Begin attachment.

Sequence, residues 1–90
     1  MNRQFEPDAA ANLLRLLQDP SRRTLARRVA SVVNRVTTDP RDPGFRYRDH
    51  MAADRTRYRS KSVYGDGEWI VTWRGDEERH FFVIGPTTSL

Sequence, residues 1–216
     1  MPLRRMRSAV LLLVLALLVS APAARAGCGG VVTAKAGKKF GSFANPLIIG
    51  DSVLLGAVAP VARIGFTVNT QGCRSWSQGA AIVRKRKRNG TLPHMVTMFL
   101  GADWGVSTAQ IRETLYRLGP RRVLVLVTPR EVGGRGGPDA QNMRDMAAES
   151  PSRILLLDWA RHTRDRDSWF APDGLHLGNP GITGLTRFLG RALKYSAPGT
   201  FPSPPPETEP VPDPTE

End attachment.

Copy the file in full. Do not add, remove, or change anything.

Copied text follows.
Sequence, residues 1–90
     1  MNRQFEPDAA ANLLRLLQDP SRRTLARRVA SVVNRVTTDP RDPGFRYRDH
    51  MAADRTRYRS KSVYGDGEWI VTWRGDEERH FFVIGPTTSL

Sequence, residues 1–216
     1  MPLRRMRSAV LLLVLALLVS APAARAGCGG VVTAKAGKKF GSFANPLIIG
    51  DSVLLGAVAP VARIGFTVNT QGCRSWSQGA AIVRKRKRNG TLPHMVTMFL
   101  GADWGVSTAQ IRETLYRLGP RRVLVLVTPR EVGGRGGPDA QNMRDMAAES
   151  PSRILLLDWA RHTRDRDSWF APDGLHLGNP GITGLTRFLG RALKYSAPGT
   201  FPSPPPETEP VPDPTE